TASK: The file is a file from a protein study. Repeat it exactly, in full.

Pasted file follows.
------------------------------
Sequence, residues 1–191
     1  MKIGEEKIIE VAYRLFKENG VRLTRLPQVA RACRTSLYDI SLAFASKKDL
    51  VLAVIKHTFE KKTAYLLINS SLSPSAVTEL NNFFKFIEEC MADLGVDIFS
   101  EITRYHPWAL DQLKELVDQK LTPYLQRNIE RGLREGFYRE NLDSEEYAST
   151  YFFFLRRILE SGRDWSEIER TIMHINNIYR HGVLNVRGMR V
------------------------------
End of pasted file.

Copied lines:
Sequence, residues 1–191
     1  MKIGEEKIIE VAYRLFKENG VRLTRLPQVA RACRTSLYDI SLAFASKKDL
    51  VLAVIKHTFE KKTAYLLINS SLSPSAVTEL NNFFKFIEEC MADLGVDIFS
   101  EITRYHPWAL DQLKELVDQK LTPYLQRNIE RGLREGFYRE NLDSEEYAST
   151  YFFFLRRILE SGRDWSEIER TIMHINNIYR HGVLNVRGMR V